Evidence suggests attention deficit hyperactivity disorder (ADHD) and obesity share overlapping genetic pathways and hereditary factors, but executive dysfunction, ADHD medications, and individual temperament may also play a role.

Neurodevelopmental disorders are conditions that result from disruption during the brain’s development. They can have a variety of symptoms, including challenges with communication, interpersonal relationships, and learning, that often persist into adulthood.

ADHD is one of the most common neurodevelopmental disorders diagnosed in childhood. It features symptoms of hyperactivity, impulsivity, and inattention.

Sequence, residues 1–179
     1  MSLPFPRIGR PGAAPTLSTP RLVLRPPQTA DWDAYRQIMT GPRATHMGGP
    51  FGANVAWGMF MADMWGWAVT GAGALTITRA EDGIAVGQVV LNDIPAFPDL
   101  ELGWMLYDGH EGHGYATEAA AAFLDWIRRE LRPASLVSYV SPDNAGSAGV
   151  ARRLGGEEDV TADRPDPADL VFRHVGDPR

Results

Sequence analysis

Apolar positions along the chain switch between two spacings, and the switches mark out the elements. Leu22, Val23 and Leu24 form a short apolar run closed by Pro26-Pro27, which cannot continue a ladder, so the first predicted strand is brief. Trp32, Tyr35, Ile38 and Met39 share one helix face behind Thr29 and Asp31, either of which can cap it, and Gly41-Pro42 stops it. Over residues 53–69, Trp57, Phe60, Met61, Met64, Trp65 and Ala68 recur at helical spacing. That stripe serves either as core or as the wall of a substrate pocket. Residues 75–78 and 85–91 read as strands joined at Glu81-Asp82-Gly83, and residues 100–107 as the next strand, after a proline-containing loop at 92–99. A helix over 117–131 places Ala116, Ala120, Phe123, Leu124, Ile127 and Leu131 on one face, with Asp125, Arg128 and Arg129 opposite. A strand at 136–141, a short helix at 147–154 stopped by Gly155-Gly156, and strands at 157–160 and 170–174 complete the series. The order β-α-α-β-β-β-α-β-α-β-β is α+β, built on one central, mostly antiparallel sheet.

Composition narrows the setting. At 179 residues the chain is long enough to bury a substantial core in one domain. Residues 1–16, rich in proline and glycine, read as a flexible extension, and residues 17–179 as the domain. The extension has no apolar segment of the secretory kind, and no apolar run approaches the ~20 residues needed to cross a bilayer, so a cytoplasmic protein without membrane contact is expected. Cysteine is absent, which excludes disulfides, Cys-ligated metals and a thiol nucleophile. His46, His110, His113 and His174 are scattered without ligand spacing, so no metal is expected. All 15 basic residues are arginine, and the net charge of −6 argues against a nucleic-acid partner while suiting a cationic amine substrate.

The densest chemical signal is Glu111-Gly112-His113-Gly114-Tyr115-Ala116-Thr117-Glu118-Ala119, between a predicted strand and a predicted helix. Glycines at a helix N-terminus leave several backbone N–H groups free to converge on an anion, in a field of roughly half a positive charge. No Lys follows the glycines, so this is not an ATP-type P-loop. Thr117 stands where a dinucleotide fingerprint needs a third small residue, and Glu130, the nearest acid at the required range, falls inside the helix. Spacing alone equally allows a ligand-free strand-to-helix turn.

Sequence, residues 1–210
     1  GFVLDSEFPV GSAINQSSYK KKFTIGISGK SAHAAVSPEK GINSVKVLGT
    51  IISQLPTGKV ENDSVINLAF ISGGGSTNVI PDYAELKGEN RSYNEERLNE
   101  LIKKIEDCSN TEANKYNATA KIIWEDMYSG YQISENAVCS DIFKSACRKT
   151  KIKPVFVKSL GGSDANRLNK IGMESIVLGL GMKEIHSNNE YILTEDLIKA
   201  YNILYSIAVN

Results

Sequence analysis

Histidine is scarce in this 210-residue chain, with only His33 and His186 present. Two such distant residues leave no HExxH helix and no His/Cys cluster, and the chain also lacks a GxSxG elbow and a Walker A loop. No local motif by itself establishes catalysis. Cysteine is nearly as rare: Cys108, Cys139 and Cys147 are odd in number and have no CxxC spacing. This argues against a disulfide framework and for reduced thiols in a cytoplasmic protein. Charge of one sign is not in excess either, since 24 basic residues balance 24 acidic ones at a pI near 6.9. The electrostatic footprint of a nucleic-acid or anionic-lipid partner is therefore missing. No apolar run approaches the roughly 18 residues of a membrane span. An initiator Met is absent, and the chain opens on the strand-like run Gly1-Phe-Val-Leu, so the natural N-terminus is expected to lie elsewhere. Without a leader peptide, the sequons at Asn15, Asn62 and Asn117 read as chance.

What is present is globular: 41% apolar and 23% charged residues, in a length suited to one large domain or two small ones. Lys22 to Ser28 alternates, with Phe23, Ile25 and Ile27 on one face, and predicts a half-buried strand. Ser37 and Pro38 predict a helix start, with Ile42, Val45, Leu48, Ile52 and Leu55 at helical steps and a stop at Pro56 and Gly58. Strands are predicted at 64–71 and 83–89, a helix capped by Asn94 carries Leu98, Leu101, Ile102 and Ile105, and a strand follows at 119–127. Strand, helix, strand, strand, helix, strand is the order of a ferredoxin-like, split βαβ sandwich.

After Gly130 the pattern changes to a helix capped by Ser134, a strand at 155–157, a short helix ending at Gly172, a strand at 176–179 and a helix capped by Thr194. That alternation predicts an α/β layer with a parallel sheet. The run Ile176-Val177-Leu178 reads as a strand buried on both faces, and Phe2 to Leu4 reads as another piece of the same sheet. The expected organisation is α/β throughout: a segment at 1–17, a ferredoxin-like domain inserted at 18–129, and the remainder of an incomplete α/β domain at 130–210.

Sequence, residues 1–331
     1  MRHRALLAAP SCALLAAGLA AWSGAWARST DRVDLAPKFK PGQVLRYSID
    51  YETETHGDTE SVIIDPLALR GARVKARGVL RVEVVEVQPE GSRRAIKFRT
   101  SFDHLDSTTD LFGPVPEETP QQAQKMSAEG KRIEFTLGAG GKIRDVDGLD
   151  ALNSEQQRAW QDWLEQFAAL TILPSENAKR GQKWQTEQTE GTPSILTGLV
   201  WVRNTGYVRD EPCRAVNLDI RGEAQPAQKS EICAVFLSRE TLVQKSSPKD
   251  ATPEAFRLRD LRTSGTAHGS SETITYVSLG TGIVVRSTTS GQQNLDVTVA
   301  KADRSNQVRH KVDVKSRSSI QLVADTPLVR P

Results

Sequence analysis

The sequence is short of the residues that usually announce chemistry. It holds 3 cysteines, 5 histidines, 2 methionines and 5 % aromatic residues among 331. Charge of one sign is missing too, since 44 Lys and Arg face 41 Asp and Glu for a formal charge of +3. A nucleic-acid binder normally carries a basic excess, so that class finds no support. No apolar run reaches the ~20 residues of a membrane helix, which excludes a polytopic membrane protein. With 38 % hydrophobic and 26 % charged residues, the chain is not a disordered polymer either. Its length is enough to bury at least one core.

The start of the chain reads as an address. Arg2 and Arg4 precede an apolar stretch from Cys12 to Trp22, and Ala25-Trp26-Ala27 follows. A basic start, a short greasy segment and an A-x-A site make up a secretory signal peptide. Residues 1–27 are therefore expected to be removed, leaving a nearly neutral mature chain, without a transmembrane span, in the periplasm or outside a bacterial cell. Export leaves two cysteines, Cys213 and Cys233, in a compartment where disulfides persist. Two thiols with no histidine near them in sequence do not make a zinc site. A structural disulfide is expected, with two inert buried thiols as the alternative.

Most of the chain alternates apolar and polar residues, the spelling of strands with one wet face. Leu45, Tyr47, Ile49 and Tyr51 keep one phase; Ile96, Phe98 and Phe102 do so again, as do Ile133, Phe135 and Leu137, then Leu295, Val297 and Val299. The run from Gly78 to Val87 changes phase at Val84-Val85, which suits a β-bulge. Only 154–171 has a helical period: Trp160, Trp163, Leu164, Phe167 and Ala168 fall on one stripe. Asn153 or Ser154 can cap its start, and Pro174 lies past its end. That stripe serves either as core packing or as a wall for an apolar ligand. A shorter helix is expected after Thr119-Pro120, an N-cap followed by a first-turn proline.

Many people living with ADHD experience co-occurring (comorbid) conditions, which are separate health concerns existing simultaneously with ADHD. Overweight and obesity are common ADHD comorbidities.

ADHD and obesity commonly co-occur, but no direct cause-and-effect relationship has been established. This means ADHD does not directly make you gain additional weight, and having obesity does not mean you’ll develop ADHD.

A narrative review from 2019 notes that adults living with ADHD have a 70% higher likelihood of obesity than adults who don’t have ADHD, and children living with ADHD have a 40% higher likelihood of obesity than children without ADHD.

Overall, the chance of obesity in ADHD appears to increase over time, becoming more significant in adulthood than in childhood.

The relationship between ADHD and overweight or obesity may involve a complex interplay of genetic pathways, hereditary factors, personal temperament, and altered executive function.